Last week, the City Council advanced a resolution, sponsored by Miller and backed by 25 other lawmakers, calling on the state legislature to pass legislation to allow local health departments to implement changes to improve their vaccine rollout to meet the needs of hard-hit communities of color.
The resolution includes a call for implementation of a vaccine appointment stand-by list, a hotline to make appointments, and a map of current vaccine distribution sites.
Adams, who supports the legislation, said many of the steps he has already called for, including expanding vaccine eligibility and establishing 24-hour vaccine sites, have already been implemented.
“However, much more remains to be done to ensure the most vulnerable are receiving the COVID-19 vaccine in proportionate rates to their eligibility,” he said.
Assemblyman Khaleel Anderson, who represents neighborhoods in southeast Queens, said the creation of a vaccination hotline would benefit community members with less access to the Internet.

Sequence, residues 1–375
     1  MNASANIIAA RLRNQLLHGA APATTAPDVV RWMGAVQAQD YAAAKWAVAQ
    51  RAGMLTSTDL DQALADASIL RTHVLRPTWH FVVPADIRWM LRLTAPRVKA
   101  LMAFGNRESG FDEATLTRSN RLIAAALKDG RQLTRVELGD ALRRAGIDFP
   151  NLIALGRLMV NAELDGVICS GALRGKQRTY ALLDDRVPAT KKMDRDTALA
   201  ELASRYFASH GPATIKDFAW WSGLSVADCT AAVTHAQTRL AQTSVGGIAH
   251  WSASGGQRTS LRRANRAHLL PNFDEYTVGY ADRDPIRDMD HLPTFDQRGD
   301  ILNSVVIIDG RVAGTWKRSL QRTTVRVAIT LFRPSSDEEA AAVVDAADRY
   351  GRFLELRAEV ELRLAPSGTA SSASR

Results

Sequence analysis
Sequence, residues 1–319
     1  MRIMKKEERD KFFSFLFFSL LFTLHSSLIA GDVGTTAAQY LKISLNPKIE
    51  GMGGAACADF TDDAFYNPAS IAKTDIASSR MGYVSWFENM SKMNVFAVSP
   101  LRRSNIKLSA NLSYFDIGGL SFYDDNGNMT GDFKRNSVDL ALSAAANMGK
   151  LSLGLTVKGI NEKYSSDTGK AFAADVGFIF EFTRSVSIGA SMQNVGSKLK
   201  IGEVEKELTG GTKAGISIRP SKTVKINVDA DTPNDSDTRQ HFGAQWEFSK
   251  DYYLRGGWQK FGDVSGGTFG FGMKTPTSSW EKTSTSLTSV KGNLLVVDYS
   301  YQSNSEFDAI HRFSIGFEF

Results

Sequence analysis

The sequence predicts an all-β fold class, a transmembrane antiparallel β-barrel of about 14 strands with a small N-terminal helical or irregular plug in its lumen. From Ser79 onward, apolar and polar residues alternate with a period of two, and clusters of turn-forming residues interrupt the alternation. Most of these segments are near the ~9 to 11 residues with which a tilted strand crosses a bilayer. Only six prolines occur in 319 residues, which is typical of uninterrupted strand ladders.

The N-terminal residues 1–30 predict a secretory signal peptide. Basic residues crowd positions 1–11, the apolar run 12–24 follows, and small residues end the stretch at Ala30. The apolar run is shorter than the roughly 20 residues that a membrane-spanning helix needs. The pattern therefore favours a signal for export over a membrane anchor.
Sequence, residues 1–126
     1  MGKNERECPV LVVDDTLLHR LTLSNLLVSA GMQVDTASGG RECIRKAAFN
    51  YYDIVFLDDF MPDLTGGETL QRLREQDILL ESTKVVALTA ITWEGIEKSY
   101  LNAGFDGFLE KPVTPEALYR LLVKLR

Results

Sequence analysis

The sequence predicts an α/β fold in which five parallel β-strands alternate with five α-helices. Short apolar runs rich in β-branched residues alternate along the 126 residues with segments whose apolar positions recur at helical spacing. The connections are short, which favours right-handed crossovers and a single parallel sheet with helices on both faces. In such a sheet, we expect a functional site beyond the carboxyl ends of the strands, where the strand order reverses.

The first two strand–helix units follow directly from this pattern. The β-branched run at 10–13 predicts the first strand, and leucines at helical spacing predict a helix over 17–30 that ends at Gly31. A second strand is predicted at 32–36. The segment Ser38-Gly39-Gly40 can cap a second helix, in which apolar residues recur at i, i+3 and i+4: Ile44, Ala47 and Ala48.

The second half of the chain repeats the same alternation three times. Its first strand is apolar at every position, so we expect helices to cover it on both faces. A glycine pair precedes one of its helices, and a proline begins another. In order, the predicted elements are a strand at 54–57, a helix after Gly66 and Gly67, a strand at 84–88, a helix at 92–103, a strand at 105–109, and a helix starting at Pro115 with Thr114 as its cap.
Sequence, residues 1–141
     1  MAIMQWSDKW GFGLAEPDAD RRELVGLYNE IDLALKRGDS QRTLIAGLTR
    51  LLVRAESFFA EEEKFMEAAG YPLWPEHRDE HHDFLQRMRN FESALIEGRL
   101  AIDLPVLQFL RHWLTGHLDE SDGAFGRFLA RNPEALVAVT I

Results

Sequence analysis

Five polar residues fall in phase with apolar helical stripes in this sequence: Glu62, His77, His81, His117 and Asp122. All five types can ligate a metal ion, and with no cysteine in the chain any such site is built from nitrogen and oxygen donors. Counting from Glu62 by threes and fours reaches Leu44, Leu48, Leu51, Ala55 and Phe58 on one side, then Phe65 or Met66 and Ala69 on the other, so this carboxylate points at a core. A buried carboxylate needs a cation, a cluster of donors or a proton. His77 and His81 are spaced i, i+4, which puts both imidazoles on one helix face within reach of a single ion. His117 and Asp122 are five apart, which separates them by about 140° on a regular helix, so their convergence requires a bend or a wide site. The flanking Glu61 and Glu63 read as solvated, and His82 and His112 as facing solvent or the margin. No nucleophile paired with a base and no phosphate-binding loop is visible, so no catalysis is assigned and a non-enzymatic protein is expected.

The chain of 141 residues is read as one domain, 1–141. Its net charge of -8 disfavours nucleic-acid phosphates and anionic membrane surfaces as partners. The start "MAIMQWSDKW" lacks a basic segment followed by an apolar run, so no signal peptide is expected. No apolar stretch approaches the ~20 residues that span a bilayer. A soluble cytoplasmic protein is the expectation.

“We have recently seen industrious New Yorkers build independent websites and use social media to bring clarity to vaccination availability,” he said. “While we appreciate these efforts, innovations like these, via phone or online, must ultimately be the responsibility of the government.”
Last week, both Cuomo and de Blasio spoke about the vaccine disparities, particularly in Black communities. The governor attributed the problem to both access and hesitancy.
To date, Cuomo said, the state has set up 91 pop-up vaccination sites in churches, community centers and public housing complexes. He said those sites have administered roughly 43,000 first doses so far.